Can brands find love on Tinder?
Companies looking for a bit of action on mobile dating sites should read this latest study.
With more singles using their phones in search of romance, there’s a chance for brands to follow the audiences there – if they do it the right way.
IPG Media Lab looked at user numbers for dating apps and compiled several case studies of brands that have used dating apps, like Tinder, for promotion.
Dating services are inherently local, since a potential partner would ideally live somewhere within a reasonable travel distance. But what the newer dating apps offer is access to users on a mobile platform, and combining proximity data with content-driven matches like those on HowAboutWe – which sets up potential partners based on ideas for a date –are perfect ways for brands to get a foothold within social dating. Melvin Wilson, head of strategy for IPG Media Lab, says he expects to see more brands establishing partnerships that allow them to integrate into the actual platforms, instead of having to behave like any other user.
“An app like Tinder could, when it finds a match, say, ‘This person likes you, you should take them to this coffee shop that’s around the corner,’” he says. “If brands operate within a certain group of things – dinner, movies, activities – they can help dating apps build on their mobile and proximity features.”
The agency says people are using messaging apps more than ever, and dating is coming with it. Every day, 500 million tweets are sent around the globe. That may seem like a gigantic number, but dating app Tinder sees 750 million swipes – essentially profile views of potentially compatible users nearby – on a daily basis. In a previous report, IPG noted the move to messaging apps was to escape the pressures of social networks. That pressure comes from advertisers, but is also tied to other members of their networks, such as those who share content that highlights their relationship or a user’s desire to separate themselves from those who they aren’t interested in dating. This becomes especially relevant for those looking for partners.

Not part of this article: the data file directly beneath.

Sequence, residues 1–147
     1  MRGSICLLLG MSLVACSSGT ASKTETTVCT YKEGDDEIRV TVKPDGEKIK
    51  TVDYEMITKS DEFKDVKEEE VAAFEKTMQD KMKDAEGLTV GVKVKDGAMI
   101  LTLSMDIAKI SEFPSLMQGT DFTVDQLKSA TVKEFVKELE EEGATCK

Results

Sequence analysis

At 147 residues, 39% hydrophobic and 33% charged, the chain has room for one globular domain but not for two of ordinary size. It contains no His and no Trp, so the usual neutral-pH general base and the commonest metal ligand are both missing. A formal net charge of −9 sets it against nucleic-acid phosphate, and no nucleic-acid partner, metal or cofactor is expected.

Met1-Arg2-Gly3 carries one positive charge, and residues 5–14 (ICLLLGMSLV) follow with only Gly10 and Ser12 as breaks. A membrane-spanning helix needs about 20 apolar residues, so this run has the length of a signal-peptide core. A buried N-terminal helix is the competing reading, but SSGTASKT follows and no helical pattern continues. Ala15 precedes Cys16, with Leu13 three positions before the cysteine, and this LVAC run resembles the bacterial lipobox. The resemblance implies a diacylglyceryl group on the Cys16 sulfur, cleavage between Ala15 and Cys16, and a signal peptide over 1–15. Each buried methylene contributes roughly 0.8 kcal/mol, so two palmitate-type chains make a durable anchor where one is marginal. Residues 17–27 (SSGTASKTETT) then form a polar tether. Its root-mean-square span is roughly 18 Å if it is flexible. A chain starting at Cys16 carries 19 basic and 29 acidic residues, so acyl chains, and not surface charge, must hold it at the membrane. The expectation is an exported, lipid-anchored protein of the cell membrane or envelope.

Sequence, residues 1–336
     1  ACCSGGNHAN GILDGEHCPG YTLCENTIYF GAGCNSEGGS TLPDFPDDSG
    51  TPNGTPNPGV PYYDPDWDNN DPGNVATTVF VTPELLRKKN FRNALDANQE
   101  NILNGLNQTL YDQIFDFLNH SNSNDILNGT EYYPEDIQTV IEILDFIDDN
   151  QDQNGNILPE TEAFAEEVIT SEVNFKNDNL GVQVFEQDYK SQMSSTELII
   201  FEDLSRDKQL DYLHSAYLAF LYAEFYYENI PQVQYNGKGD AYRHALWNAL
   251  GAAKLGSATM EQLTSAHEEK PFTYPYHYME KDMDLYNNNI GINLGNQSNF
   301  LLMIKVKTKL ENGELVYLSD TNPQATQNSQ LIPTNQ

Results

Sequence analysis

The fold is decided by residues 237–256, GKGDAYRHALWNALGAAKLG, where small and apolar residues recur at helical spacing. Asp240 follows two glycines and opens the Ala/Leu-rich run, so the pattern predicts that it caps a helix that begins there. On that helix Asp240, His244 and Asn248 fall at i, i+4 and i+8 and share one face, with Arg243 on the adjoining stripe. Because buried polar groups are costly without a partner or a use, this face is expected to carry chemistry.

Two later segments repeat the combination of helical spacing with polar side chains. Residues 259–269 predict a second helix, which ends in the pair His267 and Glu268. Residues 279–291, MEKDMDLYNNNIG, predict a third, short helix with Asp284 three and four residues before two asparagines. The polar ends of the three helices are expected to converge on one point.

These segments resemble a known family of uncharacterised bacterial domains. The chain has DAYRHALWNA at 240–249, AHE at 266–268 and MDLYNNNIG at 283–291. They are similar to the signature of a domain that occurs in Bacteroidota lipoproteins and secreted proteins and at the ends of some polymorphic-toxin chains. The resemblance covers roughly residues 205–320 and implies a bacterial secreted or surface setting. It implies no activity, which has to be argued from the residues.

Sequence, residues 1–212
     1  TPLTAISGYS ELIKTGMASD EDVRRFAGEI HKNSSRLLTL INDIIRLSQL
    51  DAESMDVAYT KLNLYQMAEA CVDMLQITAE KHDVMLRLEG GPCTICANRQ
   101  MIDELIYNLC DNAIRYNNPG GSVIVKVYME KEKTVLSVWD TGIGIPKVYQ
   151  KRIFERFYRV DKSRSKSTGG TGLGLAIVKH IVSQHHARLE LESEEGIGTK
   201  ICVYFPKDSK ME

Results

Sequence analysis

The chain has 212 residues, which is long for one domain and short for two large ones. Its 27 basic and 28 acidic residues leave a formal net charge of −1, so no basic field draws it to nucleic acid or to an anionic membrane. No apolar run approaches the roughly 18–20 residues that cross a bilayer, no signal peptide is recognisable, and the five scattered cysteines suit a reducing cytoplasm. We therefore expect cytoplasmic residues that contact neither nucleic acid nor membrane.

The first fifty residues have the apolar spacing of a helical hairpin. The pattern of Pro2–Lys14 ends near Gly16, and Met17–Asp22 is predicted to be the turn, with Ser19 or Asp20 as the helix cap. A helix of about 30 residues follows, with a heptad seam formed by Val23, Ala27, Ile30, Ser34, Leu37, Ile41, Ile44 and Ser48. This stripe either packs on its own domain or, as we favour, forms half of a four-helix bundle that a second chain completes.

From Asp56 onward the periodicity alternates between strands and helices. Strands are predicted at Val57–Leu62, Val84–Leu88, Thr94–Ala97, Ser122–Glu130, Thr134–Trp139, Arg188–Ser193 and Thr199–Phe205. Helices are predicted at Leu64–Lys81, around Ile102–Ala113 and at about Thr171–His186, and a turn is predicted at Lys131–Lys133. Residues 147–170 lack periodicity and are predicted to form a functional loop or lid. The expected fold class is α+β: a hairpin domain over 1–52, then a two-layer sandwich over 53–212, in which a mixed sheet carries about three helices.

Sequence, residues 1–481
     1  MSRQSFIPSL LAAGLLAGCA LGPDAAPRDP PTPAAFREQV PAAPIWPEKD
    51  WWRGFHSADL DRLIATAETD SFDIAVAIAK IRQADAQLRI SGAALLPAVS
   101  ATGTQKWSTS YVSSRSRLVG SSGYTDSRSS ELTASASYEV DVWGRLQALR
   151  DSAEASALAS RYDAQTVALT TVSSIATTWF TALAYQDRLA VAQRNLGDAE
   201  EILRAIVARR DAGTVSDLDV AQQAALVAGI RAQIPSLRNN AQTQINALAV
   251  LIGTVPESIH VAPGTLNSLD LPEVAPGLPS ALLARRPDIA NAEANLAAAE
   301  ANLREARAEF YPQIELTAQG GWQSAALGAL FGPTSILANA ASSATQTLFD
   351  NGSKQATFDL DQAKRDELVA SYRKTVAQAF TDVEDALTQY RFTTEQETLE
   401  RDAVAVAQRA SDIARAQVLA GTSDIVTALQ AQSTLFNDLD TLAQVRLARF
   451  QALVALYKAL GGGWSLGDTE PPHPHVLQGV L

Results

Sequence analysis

“There’s a group of people you want to date that may not be the people from your high school or cousins that will be at the next family reunion,” says Wilson. This is important for marketers because just as users can separate their contacts, so can brands.
Entertainment brands are able to use identifiable “faces” from their products in a way that doesn’t disturb a normal user experience on a dating app. In some of IPG’s case studies, characters from The Mindy Project and Suits were given Tinder profiles, and users who liked the profiles were sent links to promotional material and bonus content. TVNZ, which airs The Walking Dead in New Zealand, set up profiles featuring photos of female staffers. When users tried to interact and chat up these promotional profiles, the responses would degenerate into grunts, demands for brains and eventually a photo of a zombified version of the woman before informing the user about the show’s broadcast.
Entertainment brands have plenty of personalities to integrate into a dating app, but this doesn’t mean product and retail brands have to be excluded; it could be by using a spokesperson in the same way a show uses a character. It’s important that, at the very least, brands provide a value transaction for dating app users, with Wilson offering the suggestion of Listerine being able to target users after a match has been set up. Using dating apps isn’t going to work for every brand, but Wilson encourages brands to think about user behaviour when considering whether or not it could.
“You have different areas where brands could interact. Jiffy Lube would be out of place, but that doesn’t mean that Ford would be. They could advertise around their newer brands of cars and that would resonate really well if they do it in a way that’s tied with getting you to your date.”
Apps powered by established dating services like OkCupid and Match.com tend to skew towards an older audience, with newer apps like Tinder appealing more to younger users. In eMarketer’s YouGov study, 40% of people surveyed under the age of 35 had used a dating app or website at some point in their lives, compared to 23% of people between the ages of 35 and 54.
Image via Shutterstock